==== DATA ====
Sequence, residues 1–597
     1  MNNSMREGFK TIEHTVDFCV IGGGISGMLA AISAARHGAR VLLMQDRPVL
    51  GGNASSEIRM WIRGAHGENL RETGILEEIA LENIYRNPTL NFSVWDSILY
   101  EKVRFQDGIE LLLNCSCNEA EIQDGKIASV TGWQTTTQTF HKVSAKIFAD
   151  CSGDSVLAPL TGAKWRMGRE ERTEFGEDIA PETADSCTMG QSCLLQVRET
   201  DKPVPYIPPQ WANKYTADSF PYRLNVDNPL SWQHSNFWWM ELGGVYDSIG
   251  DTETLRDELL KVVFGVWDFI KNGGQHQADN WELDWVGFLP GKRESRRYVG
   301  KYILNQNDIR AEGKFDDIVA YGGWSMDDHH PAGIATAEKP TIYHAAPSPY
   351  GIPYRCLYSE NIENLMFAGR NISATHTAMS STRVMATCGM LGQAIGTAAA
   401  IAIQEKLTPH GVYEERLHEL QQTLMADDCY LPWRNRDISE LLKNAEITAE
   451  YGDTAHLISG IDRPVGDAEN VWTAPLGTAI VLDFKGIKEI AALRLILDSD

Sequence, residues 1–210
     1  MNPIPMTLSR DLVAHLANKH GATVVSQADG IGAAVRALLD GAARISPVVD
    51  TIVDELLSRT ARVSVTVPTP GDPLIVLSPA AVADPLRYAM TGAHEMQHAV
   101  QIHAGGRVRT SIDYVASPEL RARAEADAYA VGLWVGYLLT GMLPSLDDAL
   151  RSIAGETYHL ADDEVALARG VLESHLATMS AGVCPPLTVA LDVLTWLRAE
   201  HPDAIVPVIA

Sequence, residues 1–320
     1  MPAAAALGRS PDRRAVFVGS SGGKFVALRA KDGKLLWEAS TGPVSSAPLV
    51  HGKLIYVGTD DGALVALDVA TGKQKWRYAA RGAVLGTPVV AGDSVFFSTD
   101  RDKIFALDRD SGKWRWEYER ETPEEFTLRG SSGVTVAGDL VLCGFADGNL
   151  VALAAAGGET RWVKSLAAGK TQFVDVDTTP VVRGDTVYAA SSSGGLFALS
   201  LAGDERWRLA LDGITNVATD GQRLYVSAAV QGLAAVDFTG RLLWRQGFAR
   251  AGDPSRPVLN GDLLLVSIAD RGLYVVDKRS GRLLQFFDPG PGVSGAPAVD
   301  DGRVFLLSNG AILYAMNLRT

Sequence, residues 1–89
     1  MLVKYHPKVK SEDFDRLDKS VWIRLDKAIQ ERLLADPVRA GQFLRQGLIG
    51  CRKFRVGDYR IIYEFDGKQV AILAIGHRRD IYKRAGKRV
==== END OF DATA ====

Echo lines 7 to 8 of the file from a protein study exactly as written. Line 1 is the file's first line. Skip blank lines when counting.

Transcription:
   251  DTETLRDELL KVVFGVWDFI KNGGQHQADN WELDWVGFLP GKRESRRYVG
   301  KYILNQNDIR AEGKFDDIVA YGGWSMDDHH PAGIATAEKP TIYHAAPSPY